North Brother Island has a long history of disease and devastation. Once home to a rehab facility and a hospital that specialized in infectious illness, the island lies abandoned today. Nature has taken over; buildings are covered in foliage so dense it sometimes obscures the structures altogether. It may not have the creepy legacy of Central Park, but North Brother has plenty of infamy scattered through its unusual history.
Before being designated a bird sanctuary, it had seen its fair share of sickness and corruption. But while it did serve as the involuntary home of Typhoid Mary during the last two-plus decades of her life, the island has not been declared legally haunted.
Structural safety concerns have prompted the city of New York to close the land to the public. Although there have been discussions about reopening certain areas, and reporters and city officials are allowed to visit with the approval of the Parks Department, North Brother's reopening would require substantial work.
The infamous Typhoid Mary - whose real name was Mary Mallon - infected dozens of people with her namesake disease. As one of the first asymptomatic carriers of typhoid, she inadvertently passed it on to more than 50 unwitting victims.
Investigators eventually identified Mallon as the disease carrier and quarantined her to North Brother Island, where she lived in a bungalow before suffering a paralyzing stroke that landed her in Riverside Hospital. She passed six years later. Though she's buried in the Bronx, she is rumored to haunt the island where she was held against her will for 26 years.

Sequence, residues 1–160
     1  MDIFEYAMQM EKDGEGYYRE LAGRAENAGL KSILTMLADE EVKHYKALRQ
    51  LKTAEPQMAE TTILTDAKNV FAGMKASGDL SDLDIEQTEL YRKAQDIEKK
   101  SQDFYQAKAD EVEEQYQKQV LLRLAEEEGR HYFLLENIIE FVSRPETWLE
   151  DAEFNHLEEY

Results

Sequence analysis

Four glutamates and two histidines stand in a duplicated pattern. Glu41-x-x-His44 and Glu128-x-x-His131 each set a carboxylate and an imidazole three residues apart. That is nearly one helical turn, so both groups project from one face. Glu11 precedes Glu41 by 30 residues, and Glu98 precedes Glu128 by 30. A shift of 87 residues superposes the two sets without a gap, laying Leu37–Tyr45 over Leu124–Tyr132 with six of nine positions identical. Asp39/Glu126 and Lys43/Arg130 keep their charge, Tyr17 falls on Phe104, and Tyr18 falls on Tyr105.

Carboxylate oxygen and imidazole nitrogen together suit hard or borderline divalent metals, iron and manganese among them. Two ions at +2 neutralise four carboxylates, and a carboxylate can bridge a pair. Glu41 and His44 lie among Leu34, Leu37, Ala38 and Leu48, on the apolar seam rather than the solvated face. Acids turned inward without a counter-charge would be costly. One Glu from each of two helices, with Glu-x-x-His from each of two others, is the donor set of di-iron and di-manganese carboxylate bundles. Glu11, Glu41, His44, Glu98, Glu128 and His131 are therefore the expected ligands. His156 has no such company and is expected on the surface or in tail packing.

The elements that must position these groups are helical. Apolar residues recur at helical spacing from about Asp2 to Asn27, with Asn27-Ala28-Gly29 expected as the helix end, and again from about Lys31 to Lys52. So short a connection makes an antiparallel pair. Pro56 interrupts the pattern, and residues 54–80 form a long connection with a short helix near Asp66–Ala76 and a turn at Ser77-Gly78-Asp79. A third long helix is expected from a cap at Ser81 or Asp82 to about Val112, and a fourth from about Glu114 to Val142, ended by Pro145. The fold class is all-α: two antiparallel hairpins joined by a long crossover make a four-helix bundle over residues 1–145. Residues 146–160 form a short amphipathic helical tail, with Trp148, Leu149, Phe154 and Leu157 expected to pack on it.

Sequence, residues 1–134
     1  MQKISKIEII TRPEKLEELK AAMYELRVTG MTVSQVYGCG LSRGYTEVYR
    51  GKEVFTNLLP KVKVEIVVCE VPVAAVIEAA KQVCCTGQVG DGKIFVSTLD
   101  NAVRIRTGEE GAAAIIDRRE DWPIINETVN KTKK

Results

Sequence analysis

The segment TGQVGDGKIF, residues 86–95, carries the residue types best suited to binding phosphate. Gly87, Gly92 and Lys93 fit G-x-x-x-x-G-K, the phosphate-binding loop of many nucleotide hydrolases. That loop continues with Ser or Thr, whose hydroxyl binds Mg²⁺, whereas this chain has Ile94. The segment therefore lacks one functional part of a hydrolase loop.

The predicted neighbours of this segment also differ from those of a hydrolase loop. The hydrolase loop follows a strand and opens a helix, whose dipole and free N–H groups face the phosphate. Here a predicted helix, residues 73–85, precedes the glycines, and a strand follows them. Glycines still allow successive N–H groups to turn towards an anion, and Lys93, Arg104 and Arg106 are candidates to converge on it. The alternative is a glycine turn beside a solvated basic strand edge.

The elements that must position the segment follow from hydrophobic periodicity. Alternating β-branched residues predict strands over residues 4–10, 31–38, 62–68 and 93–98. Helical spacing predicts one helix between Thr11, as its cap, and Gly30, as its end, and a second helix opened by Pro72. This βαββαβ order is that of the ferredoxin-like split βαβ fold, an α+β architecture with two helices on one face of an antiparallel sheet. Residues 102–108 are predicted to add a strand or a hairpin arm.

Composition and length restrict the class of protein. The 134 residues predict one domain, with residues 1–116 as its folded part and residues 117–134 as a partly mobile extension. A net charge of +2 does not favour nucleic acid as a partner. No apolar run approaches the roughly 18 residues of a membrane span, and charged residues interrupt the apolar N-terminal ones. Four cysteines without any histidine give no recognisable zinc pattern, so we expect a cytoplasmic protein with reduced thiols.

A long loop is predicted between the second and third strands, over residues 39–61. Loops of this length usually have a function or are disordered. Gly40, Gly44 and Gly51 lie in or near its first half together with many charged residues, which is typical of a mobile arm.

A steamship called General Slocum burst into flames just off the coast of North Brother Island in 1904. The captain attempted to quickly sail to the shore, but the ship's speed only fanned the fire. By the time General Slocum reached North Brother, the ship had been swallowed up by flames. Most of the passengers couldn't swim and the life vests on board failed them. Lifeboats were inaccessible.
Roughly 1,000 people died in the incident, which marked the largest loss of life in New York until 9/11.
In 1885, the city of New York purchased North Brother Island to build Riverside Hospital, a medical facility originally intended for smallpox patients. Riverside eventually began to treat other infectious diseases, including typhus, tuberculosis, and polio.
Riddled with controversy, the hospital often reached capacity, and staff regularly used poorly sterilized medical tools. When no more hospital beds could fit inside specific sections of the building, patients were placed in outdoor tents. These tents occasionally caught fire, as they were heated with wooden stoves.
No telegraph or phone lines existed for Riverside as late as 1894, leaving it extremely isolated. There was a morgue in the hospital to process the bodies of the many people who perished on its grounds.
When the city of New York gained authority over the island from New York State in 1951, North Brother became a treatment center for young people addicted to opioids and other substances.
Photos from New York City's Department of Records and Information Services show teen addicts living in what was formerly Riverside Hospital. The program, expensive and riddled with corruption, shut down in 1963.